June 2014 \ Interviews \ Investment
"Indian Property Remains A Strong Draw For NRIS"

Anjalika Bardalai, is the Senior Analyst at Eurasia Group. She focuses on South Asian international relations and the economic and trade policies of India and Pakistan with a particular emphasis on fiscal and monetary policy. Bardalai holds a MBA degree from Imperial College Business School and has also done a B.A (honors) in Politics from New York University. Before joining Eurasia’s London headquarters, Bardalai worked at its New York office managing country finance, which covers financial institutions and financing methods in 45 countries. Anjalika’s sectoral expertise includes India’s information technology, property and financial-services industries. Prior to joining Eurasia Group, she worked with the Economist Intelligence Unit for 12 years where she held a number of different analytical and managerial roles. Bardalai not only led EIU’s economic and political forecasting and analysis for India, Pakistan and Afghanistan but she was also the manager of EIU’s Country Reports where s

According to your readings, what are the possible risks that the investors may face after the Government change?

I think the biggest risk comes from the fact that hopes and expectations are so high – possibly unrealistically high. The new government is strong and has already started trying to implement its policy of “maximum governance, minimum government”. But there will still be some challenges to advancing economic reforms, like the BJP’s lack of majority in the Rajya Sabha and the fact that much policymaking and implementation is devolved to state governments. Also, we have to bear in mind that even though India’s economy is domestically-oriented, the country is still affected by international developments. So, international commodity price shocks and growth prospects in the developed world – things which the new Indian Government has no control over – could still affect growth in India and thus investment prospects.

You have been working in Europe and America for a long time but your focus has always been on Asia. Why?

I started my career with the Economist Intelligence Unit, and at the time they hired me their need was for someone to work on Asia. So it started with a bit of serendipity, but given my Indian roots it has been a good fit. Some people ask whether it is good to focus on Asia while being based in the UK or US but I think it adds a lot of objectivity to the analysis – one doesn’t get caught up in some of the month-to-month extremes of optimism and pessimism that can happen when one is in-country. Of course, this distance has to be combined with good local contacts and frequent visits to get a proper sense of what is happening on the ground!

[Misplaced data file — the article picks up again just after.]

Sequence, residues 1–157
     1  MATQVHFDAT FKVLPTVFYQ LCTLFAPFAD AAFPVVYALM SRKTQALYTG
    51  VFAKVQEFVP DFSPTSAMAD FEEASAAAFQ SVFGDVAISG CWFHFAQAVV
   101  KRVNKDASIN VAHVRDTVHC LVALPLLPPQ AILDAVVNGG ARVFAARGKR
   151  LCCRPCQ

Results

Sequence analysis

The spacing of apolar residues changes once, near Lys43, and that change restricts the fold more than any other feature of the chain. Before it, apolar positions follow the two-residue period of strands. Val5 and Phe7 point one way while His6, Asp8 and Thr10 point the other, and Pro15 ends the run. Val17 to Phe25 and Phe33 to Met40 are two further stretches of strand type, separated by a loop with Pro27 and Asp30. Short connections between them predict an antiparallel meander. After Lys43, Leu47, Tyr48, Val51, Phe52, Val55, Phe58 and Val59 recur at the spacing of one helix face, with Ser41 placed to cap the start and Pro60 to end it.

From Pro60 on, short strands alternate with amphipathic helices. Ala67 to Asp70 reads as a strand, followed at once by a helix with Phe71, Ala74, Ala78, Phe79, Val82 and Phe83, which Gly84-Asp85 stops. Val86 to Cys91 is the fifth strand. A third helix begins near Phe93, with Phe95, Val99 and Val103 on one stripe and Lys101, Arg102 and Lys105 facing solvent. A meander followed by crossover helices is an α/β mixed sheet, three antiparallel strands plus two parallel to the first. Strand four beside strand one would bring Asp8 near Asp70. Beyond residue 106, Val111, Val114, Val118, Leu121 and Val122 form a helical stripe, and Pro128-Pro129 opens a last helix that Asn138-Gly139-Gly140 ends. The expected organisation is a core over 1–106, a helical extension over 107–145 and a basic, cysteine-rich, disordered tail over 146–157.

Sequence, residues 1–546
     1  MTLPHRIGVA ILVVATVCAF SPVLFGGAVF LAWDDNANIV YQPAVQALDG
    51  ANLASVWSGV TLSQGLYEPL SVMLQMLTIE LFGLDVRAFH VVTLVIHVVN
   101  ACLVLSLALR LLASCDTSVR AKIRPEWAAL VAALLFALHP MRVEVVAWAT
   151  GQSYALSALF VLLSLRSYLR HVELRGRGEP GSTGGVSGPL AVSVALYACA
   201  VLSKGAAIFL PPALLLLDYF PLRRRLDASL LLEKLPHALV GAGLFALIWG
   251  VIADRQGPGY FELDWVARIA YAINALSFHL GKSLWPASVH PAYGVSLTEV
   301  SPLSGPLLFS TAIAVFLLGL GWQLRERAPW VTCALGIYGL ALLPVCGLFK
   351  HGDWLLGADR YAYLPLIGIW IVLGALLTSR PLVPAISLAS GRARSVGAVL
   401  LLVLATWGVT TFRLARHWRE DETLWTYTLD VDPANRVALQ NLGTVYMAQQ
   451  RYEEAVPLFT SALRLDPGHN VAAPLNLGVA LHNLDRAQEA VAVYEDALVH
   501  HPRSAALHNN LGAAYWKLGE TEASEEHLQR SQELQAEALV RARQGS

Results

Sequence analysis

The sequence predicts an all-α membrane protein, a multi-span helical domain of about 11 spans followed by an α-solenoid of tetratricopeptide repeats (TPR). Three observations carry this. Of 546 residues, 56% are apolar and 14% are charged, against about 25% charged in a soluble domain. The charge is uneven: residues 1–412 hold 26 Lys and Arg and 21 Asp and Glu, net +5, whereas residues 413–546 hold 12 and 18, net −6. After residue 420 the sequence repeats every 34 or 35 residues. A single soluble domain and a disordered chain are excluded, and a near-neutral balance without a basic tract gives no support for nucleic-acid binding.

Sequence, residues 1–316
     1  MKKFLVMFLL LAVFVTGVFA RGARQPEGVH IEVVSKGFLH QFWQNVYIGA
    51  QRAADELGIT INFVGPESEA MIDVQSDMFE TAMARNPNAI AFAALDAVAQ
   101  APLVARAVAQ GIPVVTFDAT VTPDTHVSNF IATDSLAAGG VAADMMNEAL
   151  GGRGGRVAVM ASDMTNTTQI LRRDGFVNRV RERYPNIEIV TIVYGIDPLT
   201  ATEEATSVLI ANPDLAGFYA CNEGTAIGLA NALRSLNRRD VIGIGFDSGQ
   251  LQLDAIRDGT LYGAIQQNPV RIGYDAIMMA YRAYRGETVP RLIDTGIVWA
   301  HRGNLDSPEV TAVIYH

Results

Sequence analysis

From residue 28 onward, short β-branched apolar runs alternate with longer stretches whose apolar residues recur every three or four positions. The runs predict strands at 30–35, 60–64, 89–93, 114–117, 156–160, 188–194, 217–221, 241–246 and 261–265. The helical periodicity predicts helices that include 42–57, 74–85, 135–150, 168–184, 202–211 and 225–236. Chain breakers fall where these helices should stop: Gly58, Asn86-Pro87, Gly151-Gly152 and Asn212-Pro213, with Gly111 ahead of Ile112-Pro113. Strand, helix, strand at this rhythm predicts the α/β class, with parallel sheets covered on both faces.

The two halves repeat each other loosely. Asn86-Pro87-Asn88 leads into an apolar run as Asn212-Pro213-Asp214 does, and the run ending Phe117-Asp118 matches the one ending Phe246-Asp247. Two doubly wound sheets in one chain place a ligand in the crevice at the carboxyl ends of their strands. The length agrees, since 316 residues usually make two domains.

What do you think about predictability of Indian market?

The difficulty with assessing the Indian stock market is that it’s not all that liquid, and that there’s a very large element of speculation. The speculative aspect is quite pronounced compared to other markets. The fact that movements are driven mostly by foreign investors tends to add to market volatility since many of these investors tend to enter or exit the market at the same time.

What are booming sectors in Indian market currently?

In general, the sectors that are showing gains are the ones where there are indications or hopes that reforms will have an impact. Prominent examples are coal and mining, oil and gas, and financials. In the current environment, where there is an expectation of faster economic growth in the months ahead, one might expect cyclically-oriented sectors like consumer goods to perform strongly as well.

Which sectors in India will be best for long term investment for NRIs?

Property (real estate) remains a strong draw for NRIs; property has obvious advantages as an asset class in general, but for NRIs, Indian property has the additional potential benefit of exchange-rate benefits and, of course, of non-financial value as well in case of a desire to one day returns to India. Given the high-interest-rate environment, simple deposit accounts are also a solid bet.